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14 of 16 people found the following review helpful By Y. miranda on November 3, 2005
Format: Paperback
This exhilarating and euforic book is one of the masterpieces written by Emil Cioran. "On the heights of despair" is for us postmoderns what St. Augustine's Confessions must have signified for the medieval reader. This work is truly an account of the fragmented and disordered European consciouss of between wars: not an abstract one, but a particular and individual conscious that faces the glory of absurdity. Although many people have reviewed this book as Nietzschean, I would say it is rather Schopenhauerian, since its pessimism hadrly leaves any room for Zarathustra's dancing and joyful way of being. Anyways, I think anyone intrested in thinkers such as Camus, Sartre, Kierkegaard, Schopenhauer, Feuerbach, Stiner, Nietzsche, should read this book.
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9 of 11 people found the following review helpful By A Customer on March 23, 1998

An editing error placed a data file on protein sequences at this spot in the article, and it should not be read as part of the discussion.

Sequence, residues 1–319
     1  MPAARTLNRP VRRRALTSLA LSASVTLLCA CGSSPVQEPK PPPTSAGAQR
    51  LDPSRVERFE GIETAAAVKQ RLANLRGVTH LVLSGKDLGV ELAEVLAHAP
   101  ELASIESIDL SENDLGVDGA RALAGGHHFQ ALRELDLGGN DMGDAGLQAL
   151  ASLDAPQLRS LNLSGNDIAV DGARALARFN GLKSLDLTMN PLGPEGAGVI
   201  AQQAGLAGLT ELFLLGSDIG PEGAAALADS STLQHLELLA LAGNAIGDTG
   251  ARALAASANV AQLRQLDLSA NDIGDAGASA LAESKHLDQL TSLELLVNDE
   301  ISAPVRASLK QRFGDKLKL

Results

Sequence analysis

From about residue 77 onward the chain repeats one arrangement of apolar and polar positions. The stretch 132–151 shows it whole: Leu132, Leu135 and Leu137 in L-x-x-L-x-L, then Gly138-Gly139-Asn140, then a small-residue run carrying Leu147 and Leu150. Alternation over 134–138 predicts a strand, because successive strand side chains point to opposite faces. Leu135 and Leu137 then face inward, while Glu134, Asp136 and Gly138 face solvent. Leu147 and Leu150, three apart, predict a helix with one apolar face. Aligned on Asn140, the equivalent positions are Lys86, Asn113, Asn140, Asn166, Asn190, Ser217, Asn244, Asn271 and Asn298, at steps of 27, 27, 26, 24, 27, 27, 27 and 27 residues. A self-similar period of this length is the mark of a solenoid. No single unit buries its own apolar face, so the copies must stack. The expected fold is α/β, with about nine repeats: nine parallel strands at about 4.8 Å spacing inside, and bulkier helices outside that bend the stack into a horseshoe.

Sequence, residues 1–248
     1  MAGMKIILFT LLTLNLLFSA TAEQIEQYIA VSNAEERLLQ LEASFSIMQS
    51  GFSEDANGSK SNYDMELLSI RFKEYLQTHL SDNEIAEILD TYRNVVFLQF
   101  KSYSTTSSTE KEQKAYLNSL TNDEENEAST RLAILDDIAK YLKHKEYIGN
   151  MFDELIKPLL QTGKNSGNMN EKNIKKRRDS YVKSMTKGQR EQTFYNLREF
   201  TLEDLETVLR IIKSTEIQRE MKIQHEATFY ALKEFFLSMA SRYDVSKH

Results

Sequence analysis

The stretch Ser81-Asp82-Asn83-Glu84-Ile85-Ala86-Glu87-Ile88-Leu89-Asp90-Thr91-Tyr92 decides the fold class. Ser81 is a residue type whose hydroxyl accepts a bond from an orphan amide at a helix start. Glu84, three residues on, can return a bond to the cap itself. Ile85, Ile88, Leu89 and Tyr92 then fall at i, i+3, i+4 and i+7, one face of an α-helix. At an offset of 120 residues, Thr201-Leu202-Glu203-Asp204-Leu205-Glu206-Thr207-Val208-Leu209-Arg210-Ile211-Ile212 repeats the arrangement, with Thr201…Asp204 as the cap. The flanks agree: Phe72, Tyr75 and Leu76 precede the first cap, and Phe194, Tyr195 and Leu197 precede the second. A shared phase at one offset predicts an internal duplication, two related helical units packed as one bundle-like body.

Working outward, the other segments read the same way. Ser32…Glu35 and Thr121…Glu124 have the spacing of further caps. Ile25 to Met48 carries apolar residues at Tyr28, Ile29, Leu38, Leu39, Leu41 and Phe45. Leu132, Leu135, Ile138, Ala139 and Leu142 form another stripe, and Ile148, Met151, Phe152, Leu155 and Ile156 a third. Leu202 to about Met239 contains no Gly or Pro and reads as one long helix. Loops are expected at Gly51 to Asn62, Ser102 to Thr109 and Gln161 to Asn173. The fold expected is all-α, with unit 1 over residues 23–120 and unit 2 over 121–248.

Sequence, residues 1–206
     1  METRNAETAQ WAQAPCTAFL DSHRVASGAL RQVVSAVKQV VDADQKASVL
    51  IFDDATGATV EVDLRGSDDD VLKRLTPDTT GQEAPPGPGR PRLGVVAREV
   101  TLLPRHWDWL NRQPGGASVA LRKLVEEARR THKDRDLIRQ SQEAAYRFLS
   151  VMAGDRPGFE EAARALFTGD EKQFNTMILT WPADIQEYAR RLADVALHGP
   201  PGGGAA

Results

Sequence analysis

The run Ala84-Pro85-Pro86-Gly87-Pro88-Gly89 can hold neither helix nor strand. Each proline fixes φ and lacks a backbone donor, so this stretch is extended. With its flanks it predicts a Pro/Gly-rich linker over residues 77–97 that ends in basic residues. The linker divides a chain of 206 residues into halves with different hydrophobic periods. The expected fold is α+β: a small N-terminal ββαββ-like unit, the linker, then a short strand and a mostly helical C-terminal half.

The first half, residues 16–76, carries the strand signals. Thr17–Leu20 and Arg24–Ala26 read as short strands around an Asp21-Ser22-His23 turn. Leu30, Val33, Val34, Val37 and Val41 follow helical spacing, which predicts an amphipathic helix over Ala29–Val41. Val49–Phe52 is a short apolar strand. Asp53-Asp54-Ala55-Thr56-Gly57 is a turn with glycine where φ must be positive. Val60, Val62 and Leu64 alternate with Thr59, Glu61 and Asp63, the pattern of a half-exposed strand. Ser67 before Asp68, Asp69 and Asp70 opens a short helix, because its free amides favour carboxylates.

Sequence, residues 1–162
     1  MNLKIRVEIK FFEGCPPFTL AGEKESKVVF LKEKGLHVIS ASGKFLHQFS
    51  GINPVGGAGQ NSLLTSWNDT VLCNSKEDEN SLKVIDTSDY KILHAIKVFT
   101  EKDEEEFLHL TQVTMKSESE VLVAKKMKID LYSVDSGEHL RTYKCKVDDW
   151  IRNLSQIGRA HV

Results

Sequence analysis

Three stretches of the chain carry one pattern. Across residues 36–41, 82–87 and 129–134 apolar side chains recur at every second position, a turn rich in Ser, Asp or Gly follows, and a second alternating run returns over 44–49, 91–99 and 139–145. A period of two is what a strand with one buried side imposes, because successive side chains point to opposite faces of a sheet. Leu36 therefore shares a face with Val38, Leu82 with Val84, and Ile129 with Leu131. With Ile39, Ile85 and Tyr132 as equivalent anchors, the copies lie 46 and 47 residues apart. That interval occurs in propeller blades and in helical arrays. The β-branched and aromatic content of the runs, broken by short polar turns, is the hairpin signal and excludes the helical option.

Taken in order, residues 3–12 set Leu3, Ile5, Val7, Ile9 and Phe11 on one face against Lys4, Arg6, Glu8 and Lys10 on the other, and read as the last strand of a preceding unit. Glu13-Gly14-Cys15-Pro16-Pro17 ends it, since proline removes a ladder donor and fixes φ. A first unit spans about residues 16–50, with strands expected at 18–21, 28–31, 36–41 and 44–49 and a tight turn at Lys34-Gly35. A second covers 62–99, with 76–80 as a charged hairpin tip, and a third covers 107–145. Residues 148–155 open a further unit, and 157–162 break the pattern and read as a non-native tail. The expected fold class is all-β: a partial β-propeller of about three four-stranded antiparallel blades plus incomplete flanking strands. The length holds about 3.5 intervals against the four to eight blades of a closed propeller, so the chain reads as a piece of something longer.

Format: Paperback
Cioran is one of the most interesting nihlist philosophers of the twentieth century. As well, On the Heights of Despair is no disappointment. While his pessimism is sometimes disheartening, the grace of his words lends heavily to his credit. Whether one agrees or disagrees with his thoughts, no one can disparage the dynamics of his books. What is even more impressive is, in an almost Conrad-esque fashion, he so eloquently composes in a language that is not even his own. Though he is quoted as saying "I have no nationality", it is still impressive that a boy from a small village in the Carpathians, schooled in the cloying presence of a Orthodox priest, could so beautifully write in a foreign language. On the Heights of Despair is not a book you want to miss.
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6 of 8 people found the following review helpful By William Lee on August 1, 2001
Format: Paperback
I have to disagree with the previous reviewer who suggests new readers try another one of Cioran's works...This is an excellent introduction to his works, and as I believe it is his first written work, I think it's a good place to start...His writing is hauntingly beautiful and the concepts he addresses more pertinent than ever to the world we currently live in...Anyways, to oversimplify, if you like Nietzche, you should definitely enjoy Cioran, and this work is as good a place as any to start...
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1 of 1 people found the following review helpful By Name_8 on November 23, 2013
Format: Paperback
This is the most powerful book I ever read. Thoughts plainly put in writing with a gripping, utterly alert pace from the first page. It can have an influence on someone's life. If you are the brave, read it, you will be astonished by its unique philosophical content.